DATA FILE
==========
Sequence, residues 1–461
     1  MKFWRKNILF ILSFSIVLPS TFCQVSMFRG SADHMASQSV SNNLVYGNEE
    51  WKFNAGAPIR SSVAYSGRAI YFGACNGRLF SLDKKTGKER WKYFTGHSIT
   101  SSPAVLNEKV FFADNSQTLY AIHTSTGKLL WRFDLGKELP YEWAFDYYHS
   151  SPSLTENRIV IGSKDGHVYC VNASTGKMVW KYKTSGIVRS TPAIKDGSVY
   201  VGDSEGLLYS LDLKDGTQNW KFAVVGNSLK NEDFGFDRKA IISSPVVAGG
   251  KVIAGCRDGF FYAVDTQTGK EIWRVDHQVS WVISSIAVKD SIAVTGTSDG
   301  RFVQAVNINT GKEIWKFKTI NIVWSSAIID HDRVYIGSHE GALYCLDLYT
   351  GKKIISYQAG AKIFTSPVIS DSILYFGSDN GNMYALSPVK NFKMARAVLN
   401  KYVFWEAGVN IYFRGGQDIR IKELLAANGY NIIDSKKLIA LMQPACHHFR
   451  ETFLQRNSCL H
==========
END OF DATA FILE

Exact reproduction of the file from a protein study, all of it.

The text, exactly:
Sequence, residues 1–461
     1  MKFWRKNILF ILSFSIVLPS TFCQVSMFRG SADHMASQSV SNNLVYGNEE
    51  WKFNAGAPIR SSVAYSGRAI YFGACNGRLF SLDKKTGKER WKYFTGHSIT
   101  SSPAVLNEKV FFADNSQTLY AIHTSTGKLL WRFDLGKELP YEWAFDYYHS
   151  SPSLTENRIV IGSKDGHVYC VNASTGKMVW KYKTSGIVRS TPAIKDGSVY
   201  VGDSEGLLYS LDLKDGTQNW KFAVVGNSLK NEDFGFDRKA IISSPVVAGG
   251  KVIAGCRDGF FYAVDTQTGK EIWRVDHQVS WVISSIAVKD SIAVTGTSDG
   301  RFVQAVNINT GKEIWKFKTI NIVWSSAIID HDRVYIGSHE GALYCLDLYT
   351  GKKIISYQAG AKIFTSPVIS DSILYFGSDN GNMYALSPVK NFKMARAVLN
   401  KYVFWEAGVN IYFRGGQDIR IKELLAANGY NIIDSKKLIA LMQPACHHFR
   451  ETFLQRNSCL H